The orphan Annie from the hit film looks a lot different now 6 years ago

The orphan Annie from the hit film looks a lot different now

She's the flame-haired cutie who shot to fame in the 1982 hit movie Annie, and while Aileen Quinn is still somewhat involved in show business, she's not the carrot-topped little girl you remember. 



Now 45, Aileen Quinn studied Japanese and Spanish in college and later worked as a translator, while also appearing in sporadic TV shows.

She began teaching theater courses at Monmouth University in West Long Branch, NJ, where she is now Adjunct Theater Professor. She is also a Spanish teacher at Hudson Catholic Regional High School in New Jersey and sings in a rockabilly band called The Leapin' Lizards.


Born in Pennsylvania in 1971, Quinn was introduced to show business by her mother, Helenann, who was a TV, radio, and stage singer and actress..


Quinn begged to audition for a part in a local community theater production of Annie Get Your Gun and won a part.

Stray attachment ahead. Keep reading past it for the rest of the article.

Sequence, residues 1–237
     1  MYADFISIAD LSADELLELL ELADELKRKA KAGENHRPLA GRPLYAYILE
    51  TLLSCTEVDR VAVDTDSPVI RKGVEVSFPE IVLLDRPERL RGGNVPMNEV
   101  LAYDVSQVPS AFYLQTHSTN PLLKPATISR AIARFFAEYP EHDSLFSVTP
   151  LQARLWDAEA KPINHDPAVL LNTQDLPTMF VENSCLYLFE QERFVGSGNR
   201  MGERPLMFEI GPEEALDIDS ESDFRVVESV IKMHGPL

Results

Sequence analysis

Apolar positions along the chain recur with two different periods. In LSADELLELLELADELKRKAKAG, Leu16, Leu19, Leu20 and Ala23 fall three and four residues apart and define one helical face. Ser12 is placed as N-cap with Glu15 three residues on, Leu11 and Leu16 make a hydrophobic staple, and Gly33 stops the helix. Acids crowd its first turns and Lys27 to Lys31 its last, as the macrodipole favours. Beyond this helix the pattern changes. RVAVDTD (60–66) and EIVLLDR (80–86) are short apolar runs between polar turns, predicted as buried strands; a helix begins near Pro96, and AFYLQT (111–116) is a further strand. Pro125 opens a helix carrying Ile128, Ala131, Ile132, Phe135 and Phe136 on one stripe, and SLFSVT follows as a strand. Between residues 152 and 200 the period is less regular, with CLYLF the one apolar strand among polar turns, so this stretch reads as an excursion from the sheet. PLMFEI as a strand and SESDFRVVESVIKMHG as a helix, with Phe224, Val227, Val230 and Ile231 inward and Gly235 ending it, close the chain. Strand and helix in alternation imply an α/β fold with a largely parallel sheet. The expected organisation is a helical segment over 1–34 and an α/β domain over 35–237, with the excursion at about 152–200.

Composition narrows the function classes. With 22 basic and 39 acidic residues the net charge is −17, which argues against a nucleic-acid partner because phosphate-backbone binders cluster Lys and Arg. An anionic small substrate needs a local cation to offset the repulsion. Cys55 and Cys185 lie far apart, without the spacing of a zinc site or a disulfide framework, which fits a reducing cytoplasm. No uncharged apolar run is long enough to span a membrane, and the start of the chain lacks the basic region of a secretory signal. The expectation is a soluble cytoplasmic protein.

After a few more small roles and TV commercials, as well as a part in the movie Paternity with Burt Reynolds, Quinn beat 8,000 other child actors in the audition process, winning the title role in the movie Annie, directed by John Huston.

Set in 1933, Annie is the story of a young orphan living in the Hudson Street Orphanage in New York City. When she flees the orphanage's cruel and alcoholic supervisor Agatha Hannigan (Carol Burnett), her plucky personality wins the heart of the billionaire Oliver 'Daddy' Warbucks, who eventually takes her in as his daughter. 



Speaking to the media about her decision to take a different career path, Quinn said:

"I had been under contract for so long to make other 'Annie' movies that never happened. So by the time I was 16 or 17, and my contract was officially up and I could do other things, then it was kind of past the point. It was kind of like, 'Who are you again?' So I decided to get a really good education, especially with my mom being teacher. I'm really glad I did."

Amazingly, when she received an honorary doctorate from Monmouth University in 2009, she took to the stage to sing Tomorrow to the graduates (check it out online) - there wasn't a dry eye in the house.

Images: and American Profile.